Summary: Proposed Amendments to Federal Mortgage Disclosure Requirements Under the Truth in Lending Act (Regulation Z)

12 CFR Part 1026

Prepared by the NASCUS Legislative and Regulatory Affairs Department
August 2017

The Consumer Financial Protection Bureau issued a proposed rule that would amend the Federal mortgage disclosure requirements under the Real Estate Settlement Procedures Act (RESPA) and the Truth in Lending Act (TILA) that are implemented in Regulation Z.  The proposed amendments relate to when a creditor may compare charges paid by or imposed on the consumer to amounts disclosed on a “Closing Disclosure”, instead of a “Loan Estimate”, to determine if an estimated closing cost was disclosed in good faith.  The amendments would permit creditors to do so regardless of when the “Closing Disclosure” is provided relative to consummation. 

The proposal can be found here and comments are due to the CFPB by October 10, 2017.

Summary

Currently, the TILA-RESPA rule requires creditors to provide consumers with good faith estimates of the loan terms and closing costs required to be disclosed on a “Loan Estimate.”  Under Section 1026.19, an estimated loan closing cost is considered to be disclosed in “good faith” if:

  • If the charge paid by the consumer does not exceed the amount originally disclosed unless otherwise provided under Section 1026.19(e).
  • If the total paid by the consumer for certain types of third-party services and recording fees does not exceed the disclosed amount by more than 10 percent
  • If the estimate of certain charges is consistent with the best information reasonably available to the creditor at the time the estimate was provided

 

In addition, Section 1026.19 permits creditors, under certain circumstances, to use revised estimates instead of the estimate originally disclosed to the consumer to compare the charges actually paid by the consumer for purposes of determining whether an estimated closing cost was disclosed in good faith.

This section also contains rules for the provision/receipt of revised estimates, including a requirement that any revised estimates used to determine good faith must be provided to the consumer within three business days of the creditor receiving information sufficient to establish that the reason for the revision applies.  If the conditions are met, creditors generally may provide revised estimates on revised Loan Estimates (or in certain circumstances) on “Closing Disclosures.” 

A creditor cannot provide a revised estimate on a “Loan Estimate” on or after the date the “Closing Disclosure” is provided to the consumer.  In addition, the consumer must receive any revised “Loan Estimate” no later than four business days prior to consummation.  However, if there are less than four business days between the time the revised version of the disclosure is required to be provided and consummation, the creditor may provide the revised estimate on a “Closing Disclosure.”  This is referred to as the “four-business day limit.”

Current Proposal

The Bureau is issuing this proposal to amend Section 1026.19 and the associated commentary to remove the four business day limit for providing “Closing Disclosures” for the purpose of resetting tolerances and determining if an estimated closing cost was disclosed in good faith.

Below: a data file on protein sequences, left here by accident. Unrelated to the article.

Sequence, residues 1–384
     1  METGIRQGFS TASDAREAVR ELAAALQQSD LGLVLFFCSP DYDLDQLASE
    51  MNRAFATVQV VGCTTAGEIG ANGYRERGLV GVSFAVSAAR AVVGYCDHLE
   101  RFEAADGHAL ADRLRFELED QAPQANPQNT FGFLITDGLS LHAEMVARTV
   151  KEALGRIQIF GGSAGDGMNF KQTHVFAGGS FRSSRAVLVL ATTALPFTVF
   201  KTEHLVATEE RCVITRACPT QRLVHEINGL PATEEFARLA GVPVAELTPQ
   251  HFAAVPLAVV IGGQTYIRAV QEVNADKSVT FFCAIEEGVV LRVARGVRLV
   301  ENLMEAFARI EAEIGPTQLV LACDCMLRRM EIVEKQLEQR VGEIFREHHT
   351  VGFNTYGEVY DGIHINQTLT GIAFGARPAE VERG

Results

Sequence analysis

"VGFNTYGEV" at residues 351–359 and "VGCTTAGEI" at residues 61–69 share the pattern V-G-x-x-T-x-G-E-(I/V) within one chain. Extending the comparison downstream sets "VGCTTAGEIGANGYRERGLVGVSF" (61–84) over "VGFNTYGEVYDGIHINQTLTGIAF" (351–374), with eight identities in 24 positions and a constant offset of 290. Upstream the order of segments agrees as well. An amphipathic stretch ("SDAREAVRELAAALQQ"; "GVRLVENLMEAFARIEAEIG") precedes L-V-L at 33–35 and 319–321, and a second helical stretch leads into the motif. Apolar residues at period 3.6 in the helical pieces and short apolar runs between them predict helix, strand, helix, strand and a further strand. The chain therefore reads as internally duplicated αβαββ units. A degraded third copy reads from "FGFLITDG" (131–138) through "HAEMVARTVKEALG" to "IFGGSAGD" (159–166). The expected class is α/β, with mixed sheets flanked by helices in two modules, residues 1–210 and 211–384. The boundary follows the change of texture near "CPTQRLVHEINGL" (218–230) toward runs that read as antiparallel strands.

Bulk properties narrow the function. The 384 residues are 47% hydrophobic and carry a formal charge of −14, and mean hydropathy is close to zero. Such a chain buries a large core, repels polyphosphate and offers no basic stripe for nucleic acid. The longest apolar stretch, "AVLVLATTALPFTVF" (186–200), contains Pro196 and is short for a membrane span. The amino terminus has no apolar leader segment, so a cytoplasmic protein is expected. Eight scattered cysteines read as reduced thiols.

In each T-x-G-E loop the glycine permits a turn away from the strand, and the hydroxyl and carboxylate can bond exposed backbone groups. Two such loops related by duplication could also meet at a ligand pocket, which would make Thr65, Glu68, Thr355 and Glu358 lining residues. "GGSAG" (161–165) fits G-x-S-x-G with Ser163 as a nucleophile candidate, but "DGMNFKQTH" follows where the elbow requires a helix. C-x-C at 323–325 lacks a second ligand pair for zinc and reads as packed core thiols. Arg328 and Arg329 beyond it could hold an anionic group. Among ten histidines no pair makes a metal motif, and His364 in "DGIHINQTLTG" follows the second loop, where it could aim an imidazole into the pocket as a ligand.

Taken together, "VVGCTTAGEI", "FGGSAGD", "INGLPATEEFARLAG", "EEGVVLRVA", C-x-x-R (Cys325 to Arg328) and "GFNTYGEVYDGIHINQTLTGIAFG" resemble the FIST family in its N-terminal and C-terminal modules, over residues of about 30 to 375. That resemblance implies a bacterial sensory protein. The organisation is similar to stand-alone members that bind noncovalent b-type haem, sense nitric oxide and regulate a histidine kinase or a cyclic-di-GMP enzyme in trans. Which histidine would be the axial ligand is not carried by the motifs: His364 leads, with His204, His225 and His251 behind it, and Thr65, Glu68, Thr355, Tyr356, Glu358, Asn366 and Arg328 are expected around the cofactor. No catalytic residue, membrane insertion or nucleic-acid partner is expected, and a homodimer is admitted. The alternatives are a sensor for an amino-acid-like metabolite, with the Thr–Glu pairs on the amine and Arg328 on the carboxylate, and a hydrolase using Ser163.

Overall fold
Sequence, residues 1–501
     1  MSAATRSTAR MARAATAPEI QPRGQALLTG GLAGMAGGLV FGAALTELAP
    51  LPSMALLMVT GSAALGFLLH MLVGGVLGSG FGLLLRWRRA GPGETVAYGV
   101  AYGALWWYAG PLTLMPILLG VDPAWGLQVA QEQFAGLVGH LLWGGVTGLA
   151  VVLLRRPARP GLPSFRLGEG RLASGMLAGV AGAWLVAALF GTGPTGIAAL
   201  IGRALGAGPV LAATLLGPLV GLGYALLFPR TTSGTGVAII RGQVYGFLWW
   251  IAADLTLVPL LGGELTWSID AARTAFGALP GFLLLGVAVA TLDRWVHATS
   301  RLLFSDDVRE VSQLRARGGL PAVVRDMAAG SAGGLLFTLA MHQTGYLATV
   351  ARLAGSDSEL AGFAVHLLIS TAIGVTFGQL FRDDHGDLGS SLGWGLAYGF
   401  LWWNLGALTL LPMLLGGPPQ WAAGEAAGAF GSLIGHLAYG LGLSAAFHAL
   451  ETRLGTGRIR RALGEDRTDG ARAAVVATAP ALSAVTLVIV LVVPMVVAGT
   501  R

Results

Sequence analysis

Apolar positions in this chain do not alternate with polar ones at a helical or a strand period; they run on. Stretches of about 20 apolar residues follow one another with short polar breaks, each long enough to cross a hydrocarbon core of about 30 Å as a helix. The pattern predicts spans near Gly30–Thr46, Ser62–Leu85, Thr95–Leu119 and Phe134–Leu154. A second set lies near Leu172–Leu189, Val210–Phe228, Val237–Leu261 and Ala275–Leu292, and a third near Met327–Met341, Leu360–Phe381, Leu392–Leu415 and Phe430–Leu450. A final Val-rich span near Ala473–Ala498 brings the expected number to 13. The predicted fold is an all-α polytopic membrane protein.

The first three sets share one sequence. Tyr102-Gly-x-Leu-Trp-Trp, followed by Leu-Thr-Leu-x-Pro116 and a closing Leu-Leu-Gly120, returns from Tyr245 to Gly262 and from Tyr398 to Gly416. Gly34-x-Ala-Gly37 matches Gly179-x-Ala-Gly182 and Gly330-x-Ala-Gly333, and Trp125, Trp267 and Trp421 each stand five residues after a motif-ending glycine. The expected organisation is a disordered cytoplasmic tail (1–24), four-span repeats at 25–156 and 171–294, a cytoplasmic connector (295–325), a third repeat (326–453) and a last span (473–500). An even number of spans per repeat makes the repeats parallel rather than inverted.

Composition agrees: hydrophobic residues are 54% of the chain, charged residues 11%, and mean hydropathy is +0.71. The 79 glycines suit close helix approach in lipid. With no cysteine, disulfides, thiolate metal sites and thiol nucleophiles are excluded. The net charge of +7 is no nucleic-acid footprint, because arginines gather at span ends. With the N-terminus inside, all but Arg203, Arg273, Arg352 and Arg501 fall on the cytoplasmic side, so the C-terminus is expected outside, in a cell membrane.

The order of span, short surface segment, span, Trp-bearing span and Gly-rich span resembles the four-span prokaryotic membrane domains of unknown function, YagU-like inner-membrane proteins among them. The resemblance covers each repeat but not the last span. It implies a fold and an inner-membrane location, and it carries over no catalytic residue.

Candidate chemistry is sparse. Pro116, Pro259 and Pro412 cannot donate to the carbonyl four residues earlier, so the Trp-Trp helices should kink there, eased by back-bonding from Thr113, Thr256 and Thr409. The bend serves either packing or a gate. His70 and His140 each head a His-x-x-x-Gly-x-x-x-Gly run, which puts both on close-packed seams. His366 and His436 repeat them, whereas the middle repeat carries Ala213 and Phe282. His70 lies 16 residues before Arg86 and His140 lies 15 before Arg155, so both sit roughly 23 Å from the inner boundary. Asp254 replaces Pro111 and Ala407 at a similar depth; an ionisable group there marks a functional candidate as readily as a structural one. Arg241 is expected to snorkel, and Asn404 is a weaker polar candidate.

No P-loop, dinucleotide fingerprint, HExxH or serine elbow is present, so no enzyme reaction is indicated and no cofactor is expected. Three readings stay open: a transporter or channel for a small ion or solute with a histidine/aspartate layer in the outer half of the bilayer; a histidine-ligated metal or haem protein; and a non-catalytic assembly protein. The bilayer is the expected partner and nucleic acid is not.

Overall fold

The proposal would allow creditors to reset tolerances using a “Closing Disclosure,” without regard to the current four business day limit. 

Comment Request

The Bureau’s proposal is seeking comment on a number of suggested amendments, a few of the more significant of which have been highlighted below.  Please see the proposal for all questions.

The extent to which the current four business day limit has caused situations where creditors cannot provide either a revised “Loan Estimate” or “Closing Disclosure” to reset tolerances even if a reason for the revision under Section 1026.19(e)(3)(iv) is permissible

The Bureau requests information on the frequency and the cause of such occurrences, specifically, whether the event that would have otherwise permitted the creditor to reset tolerances occurred after the “Closing Disclosure” had been provided to the consumer and whether there was a delay to the expected consummation date after the creditor provided the “Closing Disclosure”

The Bureau requests comment on the extent to which creditors are currently providing “Closing Disclosures” to consumers so that they are received substantially before the required three business days prior to consummation with terms and costs that are nearly certain to be revised

The Bureau requests comment on the number of business days before consummation consumers are receiving the “Closing Disclosure”

Whether creditors might change their current practices regarding the provision of “Closing Disclosures” if the proposal to remove the four business day limit is adopted

Whether there is potential harm for consumers where creditors provide “Closing Disclosures” to consumers so that they are received more than the required three business days prior to consummation with terms/costs that are nearly certain to be revised.

Whether the Bureau should consider adopting measures to prevent such harms in a future rulemaking

Whether the rule should be more restrictive with respect to resetting tolerances with a corrected “Closing Disclosure” for certain third-party costs and creditor fees

Whether removing the four business day limit might result in confusion or information overload to the consumer as a result of receiving more corrected “Closing Disclosures”

The Bureau also requests comment on the average costs and nature of such costs (such as rate lock extension fees, additional appraisal or inspection fees, etc) associated with such occurrences

The Bureau also requests additional information that would assist in evaluating potential consequences of the proposal.